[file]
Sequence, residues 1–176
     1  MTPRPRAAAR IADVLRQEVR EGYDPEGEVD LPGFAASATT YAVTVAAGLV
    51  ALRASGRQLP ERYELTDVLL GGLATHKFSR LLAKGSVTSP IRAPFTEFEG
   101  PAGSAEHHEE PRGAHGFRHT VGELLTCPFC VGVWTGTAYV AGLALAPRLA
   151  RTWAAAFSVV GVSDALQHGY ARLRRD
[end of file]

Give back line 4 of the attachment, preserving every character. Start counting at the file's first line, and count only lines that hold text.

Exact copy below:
   101  PAGSAEHHEE PRGAHGFRHT VGELLTCPFC VGVWTGTAYV AGLALAPRLA